Tour Titbits 2: What's happening off the bike at the Tour de France

Andy Schleck talks girls, rugby great watches Renshaw's run-in, USPS's (cinema) history lesson

by Simon_MacMichael   July 16, 2010  

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While most of the focus at the Tour de France is on the racing and its aftermath, cycling's biggest race plays host each year to any number of rumours and snippets of news related to the pro peloton. Here's the second of our regular round-up of some of the ones you may have missed.

Andy Schleck and The Lady In.... White

When Andy Schleck moved into the overall lead of the Tour de France on Tuesday following Cadel Evans’ collapse on the Col de la Madeleine, some wondered whether the Luxembourg rider had taken the maillot jaune too early in the race; after all, he and his Saxo Bank team mates faced the prospect of defending it for almost two weeks until the race hits Paris.

Schleck Junior, however, has another reason to rue having to swap the white jersey of the best young rider, in which he had started the day, for the maillot jaune.

It’s not so much that he’s seeking to emulate Jan Ullrich’s record of three victories in the young riders’ competition – if he finishes in yellow in Paris, he’ll win that by default anyway – but the fact that Schleck himself said last Saturday when he took Geraint Thomas’s place at the top of the classification that the white jersey had the nicest podium girls.

This being the last year in which the 25-year-old is eligible for the young riders’ contest, it could just be that he’s trying to get into said podium girls’ er, good books, but one can only imagine how his comment has gone down with the ladies in yellow who have planted a kiss on his cheek over the past three days after helping him into the maillot jaune.

The Team Saxo Bank star, however, can count on one young lady as a massive fan, with his niece Leea hijacking her father Fränk’s Twitter account – okay, since she’s only a couple of months old, it was presumably dad, recovering from his broken collarbone, who composed the message – to congratulate him on his Stage 8 win, saying “hey uncle andy, my daddy and mommy already opened a bottle...we are so proud of you! Now you can go for yellow...Leea.”

Well, he’s in the yellow jersey for the time being, and having already promised her one of the white teddy bears given out each day at the white jersey presentation, presumably Leea will also be sharing her cot pretty soon with one of the cuddly lions presented to the maillot jaune on the podium at the end of each stage.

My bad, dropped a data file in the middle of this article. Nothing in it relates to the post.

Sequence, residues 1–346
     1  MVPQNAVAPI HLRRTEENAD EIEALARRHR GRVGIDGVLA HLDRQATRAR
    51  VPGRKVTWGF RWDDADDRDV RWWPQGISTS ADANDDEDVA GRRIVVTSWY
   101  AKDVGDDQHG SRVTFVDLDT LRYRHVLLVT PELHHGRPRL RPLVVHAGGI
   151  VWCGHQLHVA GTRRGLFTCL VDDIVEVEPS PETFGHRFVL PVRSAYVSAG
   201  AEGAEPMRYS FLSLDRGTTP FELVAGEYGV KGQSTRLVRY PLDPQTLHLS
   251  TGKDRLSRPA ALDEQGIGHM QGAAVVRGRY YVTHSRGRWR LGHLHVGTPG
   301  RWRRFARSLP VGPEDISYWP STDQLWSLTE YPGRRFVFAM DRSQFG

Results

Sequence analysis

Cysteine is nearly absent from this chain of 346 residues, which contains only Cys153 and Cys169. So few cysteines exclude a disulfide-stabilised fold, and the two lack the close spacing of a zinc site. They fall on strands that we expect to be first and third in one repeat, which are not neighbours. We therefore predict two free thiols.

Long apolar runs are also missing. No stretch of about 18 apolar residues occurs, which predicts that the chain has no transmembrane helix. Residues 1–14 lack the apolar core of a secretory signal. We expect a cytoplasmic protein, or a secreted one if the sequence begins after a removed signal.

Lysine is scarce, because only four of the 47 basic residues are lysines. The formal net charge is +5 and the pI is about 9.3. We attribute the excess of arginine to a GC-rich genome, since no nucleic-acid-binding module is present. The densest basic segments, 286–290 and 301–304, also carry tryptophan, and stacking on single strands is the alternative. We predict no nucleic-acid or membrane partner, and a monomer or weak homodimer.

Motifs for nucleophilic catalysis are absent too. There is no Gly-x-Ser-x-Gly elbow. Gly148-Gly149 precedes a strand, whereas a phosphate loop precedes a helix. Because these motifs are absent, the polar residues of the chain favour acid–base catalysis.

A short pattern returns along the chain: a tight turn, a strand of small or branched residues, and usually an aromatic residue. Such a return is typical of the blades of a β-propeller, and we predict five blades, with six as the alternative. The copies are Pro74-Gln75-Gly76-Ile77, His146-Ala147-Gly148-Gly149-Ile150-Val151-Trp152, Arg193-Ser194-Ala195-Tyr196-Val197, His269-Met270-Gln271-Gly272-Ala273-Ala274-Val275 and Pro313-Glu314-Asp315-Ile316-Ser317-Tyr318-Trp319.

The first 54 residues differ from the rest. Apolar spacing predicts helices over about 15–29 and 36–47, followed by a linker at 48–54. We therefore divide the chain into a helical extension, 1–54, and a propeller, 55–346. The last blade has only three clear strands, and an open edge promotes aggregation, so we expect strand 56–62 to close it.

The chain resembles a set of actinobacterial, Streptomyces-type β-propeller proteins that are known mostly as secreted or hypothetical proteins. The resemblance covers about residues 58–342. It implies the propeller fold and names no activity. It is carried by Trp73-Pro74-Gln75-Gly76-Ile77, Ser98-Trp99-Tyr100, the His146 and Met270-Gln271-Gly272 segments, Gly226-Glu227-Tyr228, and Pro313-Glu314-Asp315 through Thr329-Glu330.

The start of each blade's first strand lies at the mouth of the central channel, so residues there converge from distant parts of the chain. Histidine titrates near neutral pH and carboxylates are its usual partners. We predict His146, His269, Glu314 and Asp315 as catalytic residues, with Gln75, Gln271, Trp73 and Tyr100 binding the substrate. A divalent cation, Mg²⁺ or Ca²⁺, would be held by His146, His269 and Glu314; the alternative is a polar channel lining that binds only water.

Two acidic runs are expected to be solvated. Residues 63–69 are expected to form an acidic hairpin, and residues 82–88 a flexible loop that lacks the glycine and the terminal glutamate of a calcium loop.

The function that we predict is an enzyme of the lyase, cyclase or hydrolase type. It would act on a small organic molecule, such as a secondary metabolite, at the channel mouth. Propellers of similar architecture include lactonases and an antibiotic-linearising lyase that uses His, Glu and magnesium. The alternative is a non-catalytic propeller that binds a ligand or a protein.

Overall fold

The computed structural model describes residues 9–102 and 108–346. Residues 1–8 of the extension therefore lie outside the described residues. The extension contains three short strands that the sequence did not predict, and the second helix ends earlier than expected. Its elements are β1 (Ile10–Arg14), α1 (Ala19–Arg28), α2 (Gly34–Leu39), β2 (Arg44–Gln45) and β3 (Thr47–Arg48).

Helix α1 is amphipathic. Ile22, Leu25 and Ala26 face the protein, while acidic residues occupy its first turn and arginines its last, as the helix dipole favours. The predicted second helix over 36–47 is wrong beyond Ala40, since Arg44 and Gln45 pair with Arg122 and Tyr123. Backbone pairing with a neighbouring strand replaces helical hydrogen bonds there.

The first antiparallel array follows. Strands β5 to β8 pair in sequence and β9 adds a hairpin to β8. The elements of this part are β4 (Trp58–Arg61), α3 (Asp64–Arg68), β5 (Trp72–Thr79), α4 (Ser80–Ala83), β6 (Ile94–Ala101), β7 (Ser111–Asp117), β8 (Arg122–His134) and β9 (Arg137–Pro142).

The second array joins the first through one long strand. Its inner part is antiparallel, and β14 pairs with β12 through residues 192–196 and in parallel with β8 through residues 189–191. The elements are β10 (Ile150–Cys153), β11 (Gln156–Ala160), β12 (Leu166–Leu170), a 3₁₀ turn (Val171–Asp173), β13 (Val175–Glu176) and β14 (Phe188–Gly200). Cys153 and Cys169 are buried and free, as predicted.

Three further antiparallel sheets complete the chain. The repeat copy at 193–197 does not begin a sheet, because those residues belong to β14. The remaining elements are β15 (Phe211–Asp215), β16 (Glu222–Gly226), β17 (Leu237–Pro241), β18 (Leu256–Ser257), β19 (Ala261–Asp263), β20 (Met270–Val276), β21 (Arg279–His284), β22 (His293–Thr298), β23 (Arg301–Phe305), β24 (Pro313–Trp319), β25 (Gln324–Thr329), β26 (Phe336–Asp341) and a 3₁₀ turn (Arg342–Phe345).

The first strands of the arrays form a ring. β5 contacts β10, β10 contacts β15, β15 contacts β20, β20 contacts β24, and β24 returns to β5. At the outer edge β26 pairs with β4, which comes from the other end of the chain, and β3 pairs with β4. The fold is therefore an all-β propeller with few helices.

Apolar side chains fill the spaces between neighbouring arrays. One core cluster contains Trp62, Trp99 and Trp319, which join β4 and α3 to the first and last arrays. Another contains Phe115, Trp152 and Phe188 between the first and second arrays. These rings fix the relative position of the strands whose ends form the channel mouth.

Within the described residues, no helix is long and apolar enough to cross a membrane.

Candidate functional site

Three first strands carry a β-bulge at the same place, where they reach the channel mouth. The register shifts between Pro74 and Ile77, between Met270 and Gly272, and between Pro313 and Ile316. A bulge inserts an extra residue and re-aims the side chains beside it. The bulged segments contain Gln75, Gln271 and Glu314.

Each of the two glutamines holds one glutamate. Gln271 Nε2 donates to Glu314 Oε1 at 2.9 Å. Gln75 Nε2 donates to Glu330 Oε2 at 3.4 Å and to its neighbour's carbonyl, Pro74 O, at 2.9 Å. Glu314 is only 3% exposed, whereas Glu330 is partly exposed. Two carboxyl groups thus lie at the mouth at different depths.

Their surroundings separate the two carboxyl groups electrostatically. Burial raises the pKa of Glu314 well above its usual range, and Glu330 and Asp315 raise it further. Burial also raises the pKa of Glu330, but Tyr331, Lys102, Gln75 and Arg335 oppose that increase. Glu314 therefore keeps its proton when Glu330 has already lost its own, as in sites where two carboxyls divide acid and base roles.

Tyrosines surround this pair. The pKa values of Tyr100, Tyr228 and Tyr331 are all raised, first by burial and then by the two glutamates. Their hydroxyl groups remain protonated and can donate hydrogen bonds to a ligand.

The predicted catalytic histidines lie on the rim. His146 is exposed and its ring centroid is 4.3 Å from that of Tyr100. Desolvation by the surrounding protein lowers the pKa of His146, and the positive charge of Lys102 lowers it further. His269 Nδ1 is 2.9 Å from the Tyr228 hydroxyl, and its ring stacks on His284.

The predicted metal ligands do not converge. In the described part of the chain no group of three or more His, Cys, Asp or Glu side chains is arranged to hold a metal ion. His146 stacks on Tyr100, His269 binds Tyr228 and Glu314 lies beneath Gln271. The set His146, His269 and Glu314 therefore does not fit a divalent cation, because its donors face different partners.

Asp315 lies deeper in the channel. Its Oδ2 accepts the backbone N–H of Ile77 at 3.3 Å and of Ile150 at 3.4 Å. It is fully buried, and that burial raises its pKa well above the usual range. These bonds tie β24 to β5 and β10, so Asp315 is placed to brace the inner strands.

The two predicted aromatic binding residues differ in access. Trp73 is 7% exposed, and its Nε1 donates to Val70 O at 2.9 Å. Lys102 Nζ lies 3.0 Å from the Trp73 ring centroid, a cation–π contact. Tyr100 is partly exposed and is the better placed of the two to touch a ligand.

Caveman watches Cavendish win

One of the guests of honour at yesterday’s stage finish in Bourg-les-Valence to see Mark Cavendish take his third stage win of this year's race was none other than local hero and French rugby union star Sébastien Chabal, formerly of Sale Sharks, and nicknamed The Caveman on account of his beard, flowing hair and rather direct style.

Given the reputation of French forwards for their tendency to turn a blind eye to the game's laws, Chabal will no doubt have appreciated Mark Renshaw’s uncompromising approach in yesterday’s sprint finish that saw him headbutt Garmin-Transitions’ Julian Dean three times before veering across Tyler Farrar’s line – an Aussie vs Kiwi battle worthy of the Wallabies’ Bedisloe Cup encounters with the All Blacks.

We’re sure that should Renshaw, who is based in the South of France, decide to change sports following the decision of Tour de France officials to kick him out of the race, Chabal will be able to put him in touch with a local club on the lookout for someone who isn’t afraid to mix it with his opponents.

US Postal have had French in a spin for longer than you'd think

When this year’s Tour de France began in Rotterdam a couple of weeks ago, one of the big stories of the day was of course the Wall Street Journal article in which Floyd Landis expanded upon his allegations of drug-taking among members of the US Postal Service including Lance Armstrong.

We’re not sure how big a fan Armstrong is of post-war French comedy, but at one of last week’s stage starts, there was a Jacques Tati impersonator entertaining the crowds complete with bicycle, dressed as the postman from the classic film, Jour du Fete.

In the comedy classic, the character played by Tati, an amiable French village postman, drinks himself into a stupor, leading to all kinds of bicycle-related high jinks, after seeing a film that highlights how far ahead the Americans are due to the cutting-edge methods used by the US Postal Service to ensure its workers get their job done in the shortest time possible. Plus ça change…